6. Olá, Helen. Sou brasileira, como meu inglês é horrível, resolvi escrever em português mesmo. Assim, para uma melhor compreensão, basta utilizar algum aplicativo para traduzir.
    Bem, vamos começar. Sou portadora de linfedema há mais de 20 anos. Eu nasci com uma deficiência no sistema circulatório chamado Síndrome de Cockett, uma compressão da veia ilíaca sobre a veia cava, o que fazia meu tornozelo inchar. Mas, até meus 20 anos, era tudo controlado. Porém, tive uma infecção gravíssima, a chamada erisipela, depois de uma temporada na praia. O fato é que não foi dada a devida atenção a essa infecção, e minha perna esquerda nunca mais foi a mesma. O inchaço aumentou, e uma nova doença foi diagnosticada: linfedema. Fiquei arrasada, por saber que não tinha cura. Fiz alguns tratamentos como drenagem linfática, bandagem. Mas nenhum resultado satisfatório. O volume diminuia, mas ao ter alta, voltava a inchar novamente, para meu desespero.
    O tempo passou, após várias outras infecções, minha perna ficou totalmente deformada, o triplo do tamanho da outra, a dificuldade de mobilidade cada vez maior. Acabei conhecendo um cirurgião plástico, aqui em São Paulo, que conheceu os procedimentos realizados nos Estados Unidos, sobretudo, pela Dra. Corine. Enfim, por trabalhar no Instituto do Câncer aqui, acabou se deparando com vários casos de linfedema pós mastectomia, o que o levou a buscar algum tipo de tratamento para essa doença. Eu fui a segunda paciente dele que recebeu esse tipo de tratamento, o transplante de linfonodos.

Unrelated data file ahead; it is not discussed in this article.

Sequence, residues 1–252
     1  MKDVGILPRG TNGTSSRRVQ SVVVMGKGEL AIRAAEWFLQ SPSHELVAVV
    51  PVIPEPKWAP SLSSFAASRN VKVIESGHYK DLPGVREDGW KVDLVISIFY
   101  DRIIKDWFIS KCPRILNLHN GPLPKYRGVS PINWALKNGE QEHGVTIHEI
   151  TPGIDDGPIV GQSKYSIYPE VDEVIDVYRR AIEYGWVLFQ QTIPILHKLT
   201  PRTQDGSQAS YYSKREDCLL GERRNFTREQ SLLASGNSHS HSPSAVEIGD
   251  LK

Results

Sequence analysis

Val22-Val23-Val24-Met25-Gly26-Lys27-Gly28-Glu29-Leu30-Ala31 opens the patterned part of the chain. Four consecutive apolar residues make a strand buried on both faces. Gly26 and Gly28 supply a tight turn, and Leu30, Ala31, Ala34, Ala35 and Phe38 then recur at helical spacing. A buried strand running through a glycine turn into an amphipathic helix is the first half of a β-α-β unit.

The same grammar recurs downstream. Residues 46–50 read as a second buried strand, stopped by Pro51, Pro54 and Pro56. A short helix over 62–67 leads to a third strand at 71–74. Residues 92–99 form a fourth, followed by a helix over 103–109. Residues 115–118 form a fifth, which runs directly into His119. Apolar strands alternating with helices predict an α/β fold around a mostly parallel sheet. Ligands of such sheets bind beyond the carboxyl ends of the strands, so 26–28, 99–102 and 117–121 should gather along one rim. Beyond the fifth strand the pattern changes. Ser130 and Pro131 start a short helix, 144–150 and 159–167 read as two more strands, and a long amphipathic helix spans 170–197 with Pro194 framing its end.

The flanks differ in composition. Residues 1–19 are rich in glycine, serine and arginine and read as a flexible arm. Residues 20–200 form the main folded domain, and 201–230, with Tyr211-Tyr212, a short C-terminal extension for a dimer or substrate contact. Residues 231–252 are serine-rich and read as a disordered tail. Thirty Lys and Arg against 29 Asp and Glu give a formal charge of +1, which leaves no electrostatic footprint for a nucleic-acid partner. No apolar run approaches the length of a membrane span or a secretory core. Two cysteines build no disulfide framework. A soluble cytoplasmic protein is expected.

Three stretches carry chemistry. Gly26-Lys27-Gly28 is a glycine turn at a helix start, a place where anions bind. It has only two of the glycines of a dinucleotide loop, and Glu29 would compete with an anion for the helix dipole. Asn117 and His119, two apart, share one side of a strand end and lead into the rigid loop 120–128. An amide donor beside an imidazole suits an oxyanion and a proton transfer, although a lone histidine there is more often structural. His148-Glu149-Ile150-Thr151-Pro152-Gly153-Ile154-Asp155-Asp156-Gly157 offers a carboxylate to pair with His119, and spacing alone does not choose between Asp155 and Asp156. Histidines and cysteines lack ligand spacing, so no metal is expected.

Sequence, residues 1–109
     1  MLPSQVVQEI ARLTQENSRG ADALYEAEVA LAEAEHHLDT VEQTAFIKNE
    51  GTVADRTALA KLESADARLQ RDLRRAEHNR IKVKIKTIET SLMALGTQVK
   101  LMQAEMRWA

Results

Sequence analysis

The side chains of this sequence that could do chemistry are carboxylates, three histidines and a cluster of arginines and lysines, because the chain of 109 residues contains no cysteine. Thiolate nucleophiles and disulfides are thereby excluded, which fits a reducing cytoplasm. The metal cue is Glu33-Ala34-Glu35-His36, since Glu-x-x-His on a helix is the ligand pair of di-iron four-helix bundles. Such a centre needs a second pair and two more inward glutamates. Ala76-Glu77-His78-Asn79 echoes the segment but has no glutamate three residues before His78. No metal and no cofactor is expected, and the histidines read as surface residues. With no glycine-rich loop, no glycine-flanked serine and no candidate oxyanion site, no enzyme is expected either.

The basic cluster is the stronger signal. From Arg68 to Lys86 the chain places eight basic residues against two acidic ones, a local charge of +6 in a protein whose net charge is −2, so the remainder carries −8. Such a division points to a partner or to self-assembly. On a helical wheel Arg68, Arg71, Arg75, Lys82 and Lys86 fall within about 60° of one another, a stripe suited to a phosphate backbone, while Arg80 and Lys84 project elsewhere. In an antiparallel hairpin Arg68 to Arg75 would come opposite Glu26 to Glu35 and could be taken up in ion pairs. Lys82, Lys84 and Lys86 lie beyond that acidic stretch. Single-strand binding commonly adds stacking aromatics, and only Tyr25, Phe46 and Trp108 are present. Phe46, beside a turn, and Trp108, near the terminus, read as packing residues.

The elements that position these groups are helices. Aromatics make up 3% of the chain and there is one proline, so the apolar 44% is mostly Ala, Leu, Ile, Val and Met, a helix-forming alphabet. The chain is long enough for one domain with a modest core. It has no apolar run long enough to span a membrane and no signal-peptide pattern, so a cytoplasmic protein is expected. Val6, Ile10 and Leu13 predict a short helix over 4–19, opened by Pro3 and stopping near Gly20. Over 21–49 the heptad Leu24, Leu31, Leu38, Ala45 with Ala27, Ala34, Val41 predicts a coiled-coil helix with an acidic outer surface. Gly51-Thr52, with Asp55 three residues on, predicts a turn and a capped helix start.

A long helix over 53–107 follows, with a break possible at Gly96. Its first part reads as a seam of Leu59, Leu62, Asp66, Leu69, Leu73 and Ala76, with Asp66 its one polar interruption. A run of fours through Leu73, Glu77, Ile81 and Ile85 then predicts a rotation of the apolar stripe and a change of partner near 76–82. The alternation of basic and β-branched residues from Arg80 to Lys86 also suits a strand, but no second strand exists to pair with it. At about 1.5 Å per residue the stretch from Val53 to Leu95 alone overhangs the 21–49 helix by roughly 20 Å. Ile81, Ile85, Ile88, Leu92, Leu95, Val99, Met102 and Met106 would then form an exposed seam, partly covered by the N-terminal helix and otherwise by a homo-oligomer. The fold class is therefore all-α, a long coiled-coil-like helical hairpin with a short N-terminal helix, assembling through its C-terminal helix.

Meu transplante foi realizado há 4 meses. Foram extraídos linfonodos da região do pescoço e transplantados para a região da coxa. Uma cirurgia de mais de 9h, fiquei uns 7 dias sem colocar o pé no chão. Fiz tudo o que me foi recomendado. Até agora nada mudou, ou pior ainda, as regiões dos cortes estão super sensíveis, minha coxa teve um aumento do volume, tenho dificuldades ao dormir do lado esquerdo, porque arde demais.
    Diferentemente de você, não tive instruções sobre drenagem, ou qualquer outro tipo de exercício. Meu médico apenas recomendou o uso de meia elástica, confeccionada sob medida. Tenho tido pouco retorno por parte dele. Não o vejo muito entusiasmado com as possibilidades de cura. Tenho o questionado sobre a lipoaspiração, e ficamos de ver mais pra frente. Na última consulta ele me pediu mais 2 meses, antes de termos qualquer conclusão. O problema, que você conhece bem, é a ansiedade. Esperar não é nada fácil diante de uma enorme possibilidade de cura.